Being in Lubbock, TX, I find most people I encounter being so kind, courteous, and friendly. Yesterday at work, a female student came to my coworker’s counter so she can pay for her food. However, my coworker went to use the restroom and left a sign on her line that says “This register is CLOSED.” I told her right away that I can help her and take her payment since my register is next to my coworker. The female student gave me a mean look, looked at the sign then proceeded to take it and said, “Then why is this thing here?” She then placed the sign on the other counter, which was about two yards away from me. One of my managers saw the entire thing that she grabbed the sign and placed it back to where it was before. Though this female student was quite rude, I still maintained my composure and simply thought being kind and helpful. My manager, on the other hand, came up to me and said, “Did you see that? How rude! She’s so lucky I am not in a bad mood right now or else I could have told her off.” At that moment, I felt that it is still important to be kind to others even though they are rude or not in the mood.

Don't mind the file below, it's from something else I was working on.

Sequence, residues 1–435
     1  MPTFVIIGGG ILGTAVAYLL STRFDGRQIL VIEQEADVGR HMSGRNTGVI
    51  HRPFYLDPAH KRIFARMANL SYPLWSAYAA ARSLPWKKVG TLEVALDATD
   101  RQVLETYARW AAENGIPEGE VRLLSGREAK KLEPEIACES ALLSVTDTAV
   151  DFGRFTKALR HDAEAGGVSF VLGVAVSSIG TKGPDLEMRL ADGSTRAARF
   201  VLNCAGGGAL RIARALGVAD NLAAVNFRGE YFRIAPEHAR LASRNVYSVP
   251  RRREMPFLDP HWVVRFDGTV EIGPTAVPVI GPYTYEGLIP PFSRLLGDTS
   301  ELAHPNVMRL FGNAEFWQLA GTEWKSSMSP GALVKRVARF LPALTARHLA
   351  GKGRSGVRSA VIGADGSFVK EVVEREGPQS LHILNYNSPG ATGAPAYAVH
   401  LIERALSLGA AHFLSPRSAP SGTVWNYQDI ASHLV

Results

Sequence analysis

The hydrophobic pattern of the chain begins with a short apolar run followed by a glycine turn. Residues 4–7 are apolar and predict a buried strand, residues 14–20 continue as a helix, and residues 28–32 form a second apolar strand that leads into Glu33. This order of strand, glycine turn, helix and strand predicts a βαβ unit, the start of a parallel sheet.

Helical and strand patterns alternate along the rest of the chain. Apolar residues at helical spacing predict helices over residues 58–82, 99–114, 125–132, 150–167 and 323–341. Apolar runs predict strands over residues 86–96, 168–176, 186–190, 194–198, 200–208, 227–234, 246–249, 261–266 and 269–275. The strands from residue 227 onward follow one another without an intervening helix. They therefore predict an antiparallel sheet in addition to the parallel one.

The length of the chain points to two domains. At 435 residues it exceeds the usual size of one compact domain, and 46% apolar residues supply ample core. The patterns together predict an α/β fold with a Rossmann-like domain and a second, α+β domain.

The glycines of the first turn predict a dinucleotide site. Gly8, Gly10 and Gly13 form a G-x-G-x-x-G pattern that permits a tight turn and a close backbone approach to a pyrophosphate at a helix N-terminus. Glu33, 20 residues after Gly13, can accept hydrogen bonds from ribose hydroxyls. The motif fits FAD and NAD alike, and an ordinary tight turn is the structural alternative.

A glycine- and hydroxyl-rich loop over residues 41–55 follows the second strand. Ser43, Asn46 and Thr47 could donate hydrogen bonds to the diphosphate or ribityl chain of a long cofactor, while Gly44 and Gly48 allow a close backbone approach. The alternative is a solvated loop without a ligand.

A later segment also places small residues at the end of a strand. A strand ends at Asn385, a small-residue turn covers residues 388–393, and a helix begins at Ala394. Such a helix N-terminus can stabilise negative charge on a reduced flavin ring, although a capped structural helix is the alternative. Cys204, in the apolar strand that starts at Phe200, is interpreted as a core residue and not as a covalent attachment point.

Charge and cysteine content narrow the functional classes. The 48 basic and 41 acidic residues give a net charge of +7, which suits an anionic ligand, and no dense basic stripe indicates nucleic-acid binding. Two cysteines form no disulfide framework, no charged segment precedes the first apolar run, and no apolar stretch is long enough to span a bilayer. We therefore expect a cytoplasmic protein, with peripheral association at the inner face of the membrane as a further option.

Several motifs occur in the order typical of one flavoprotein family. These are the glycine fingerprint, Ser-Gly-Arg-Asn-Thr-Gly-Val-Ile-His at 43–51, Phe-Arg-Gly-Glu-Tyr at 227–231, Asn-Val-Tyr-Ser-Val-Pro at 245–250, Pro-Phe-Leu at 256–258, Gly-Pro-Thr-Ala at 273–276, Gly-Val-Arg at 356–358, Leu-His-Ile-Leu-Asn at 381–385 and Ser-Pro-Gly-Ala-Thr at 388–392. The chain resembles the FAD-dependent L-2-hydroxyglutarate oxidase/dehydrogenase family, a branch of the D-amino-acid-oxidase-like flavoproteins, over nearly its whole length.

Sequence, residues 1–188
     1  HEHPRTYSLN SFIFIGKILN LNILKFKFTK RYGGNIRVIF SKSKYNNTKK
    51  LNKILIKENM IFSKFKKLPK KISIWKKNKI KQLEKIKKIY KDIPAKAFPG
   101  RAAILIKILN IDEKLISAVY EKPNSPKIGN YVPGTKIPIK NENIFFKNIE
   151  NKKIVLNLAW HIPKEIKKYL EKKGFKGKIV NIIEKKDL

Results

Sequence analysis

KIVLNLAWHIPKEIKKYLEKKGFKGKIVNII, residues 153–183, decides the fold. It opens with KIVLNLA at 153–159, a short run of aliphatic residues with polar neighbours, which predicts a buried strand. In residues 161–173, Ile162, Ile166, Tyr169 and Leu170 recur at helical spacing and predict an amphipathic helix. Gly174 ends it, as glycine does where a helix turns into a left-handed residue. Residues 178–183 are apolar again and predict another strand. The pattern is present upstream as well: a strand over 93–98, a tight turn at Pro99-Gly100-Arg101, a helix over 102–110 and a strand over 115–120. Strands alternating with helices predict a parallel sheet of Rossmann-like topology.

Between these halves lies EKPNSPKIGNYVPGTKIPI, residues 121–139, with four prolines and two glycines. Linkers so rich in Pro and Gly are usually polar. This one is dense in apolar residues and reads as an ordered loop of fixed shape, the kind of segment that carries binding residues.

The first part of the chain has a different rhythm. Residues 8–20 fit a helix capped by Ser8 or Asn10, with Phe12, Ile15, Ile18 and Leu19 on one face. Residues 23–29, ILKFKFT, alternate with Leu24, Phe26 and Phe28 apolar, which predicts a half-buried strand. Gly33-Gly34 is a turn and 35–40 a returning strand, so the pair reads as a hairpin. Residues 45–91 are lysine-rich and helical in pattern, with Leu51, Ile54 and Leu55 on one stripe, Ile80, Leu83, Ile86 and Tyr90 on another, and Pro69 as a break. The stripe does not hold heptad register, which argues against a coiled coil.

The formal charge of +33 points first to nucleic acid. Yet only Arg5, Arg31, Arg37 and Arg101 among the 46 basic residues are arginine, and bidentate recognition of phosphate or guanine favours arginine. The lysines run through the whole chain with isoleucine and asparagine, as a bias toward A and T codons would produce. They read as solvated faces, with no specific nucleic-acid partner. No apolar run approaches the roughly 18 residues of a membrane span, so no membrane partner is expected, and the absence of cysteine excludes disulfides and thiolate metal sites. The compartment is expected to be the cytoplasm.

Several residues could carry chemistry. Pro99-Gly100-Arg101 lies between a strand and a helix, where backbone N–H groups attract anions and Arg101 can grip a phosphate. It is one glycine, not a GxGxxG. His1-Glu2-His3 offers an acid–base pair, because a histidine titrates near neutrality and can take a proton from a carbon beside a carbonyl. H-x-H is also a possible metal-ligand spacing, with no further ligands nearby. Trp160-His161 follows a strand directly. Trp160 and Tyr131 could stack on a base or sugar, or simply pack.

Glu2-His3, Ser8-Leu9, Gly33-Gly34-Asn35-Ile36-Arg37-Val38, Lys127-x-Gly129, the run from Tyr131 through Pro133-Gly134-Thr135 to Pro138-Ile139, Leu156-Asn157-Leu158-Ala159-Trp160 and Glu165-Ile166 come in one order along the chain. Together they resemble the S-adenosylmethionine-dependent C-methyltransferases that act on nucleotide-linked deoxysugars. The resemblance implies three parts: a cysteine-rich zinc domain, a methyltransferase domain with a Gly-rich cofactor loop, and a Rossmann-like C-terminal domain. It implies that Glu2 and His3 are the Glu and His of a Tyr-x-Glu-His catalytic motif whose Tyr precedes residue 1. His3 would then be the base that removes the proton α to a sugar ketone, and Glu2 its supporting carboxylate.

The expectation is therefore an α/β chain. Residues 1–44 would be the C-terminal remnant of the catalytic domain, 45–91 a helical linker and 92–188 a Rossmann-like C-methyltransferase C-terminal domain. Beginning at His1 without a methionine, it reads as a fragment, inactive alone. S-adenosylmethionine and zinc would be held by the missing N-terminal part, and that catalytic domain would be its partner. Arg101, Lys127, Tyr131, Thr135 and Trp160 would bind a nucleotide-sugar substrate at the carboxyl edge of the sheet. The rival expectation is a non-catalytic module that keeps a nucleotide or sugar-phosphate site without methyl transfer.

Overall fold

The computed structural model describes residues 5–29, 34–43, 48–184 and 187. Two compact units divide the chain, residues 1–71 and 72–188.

Certainly, there are times when I want to be rude to those who are rude to me. However, I would like to be treated well by others as how I would treat them too. Every time I am being threatened to be unkind to others, knowing that kindness is a choice comes to mind. We need to choose to be kind even though our natural tendency might often be to argue with or unkind to others. We have a choice. We can choose to be kind. Choose to get along with others. Choose to spread kindness.
What about those who likes to pick fights with you? Those who spread rumors about you? Those who are simply unkind to you? I feel that even in these instances, we should choose kindness. I feel that those who do those things might want to be acknowledged, to be noticed, to be accepted, or to be loved. We should choose kindness because all of us face different kinds of battles. All of us tries to overcome the many difficulties life has to offer. If we try to put ourselves in the “shoes” of those who are unkind to us, we might be able to understand them more.
Indeed, kindness can be seen in many forms. Helping an elderly carry groceries, protecting those who are abused, guiding a younger sibling, donating goods, giving food to the hungry – these are some of the many acts of kindness. As Mark Twain once said, “Kindness is the language which the deaf can hear and the blind can see.”
Kindness goes a long way!
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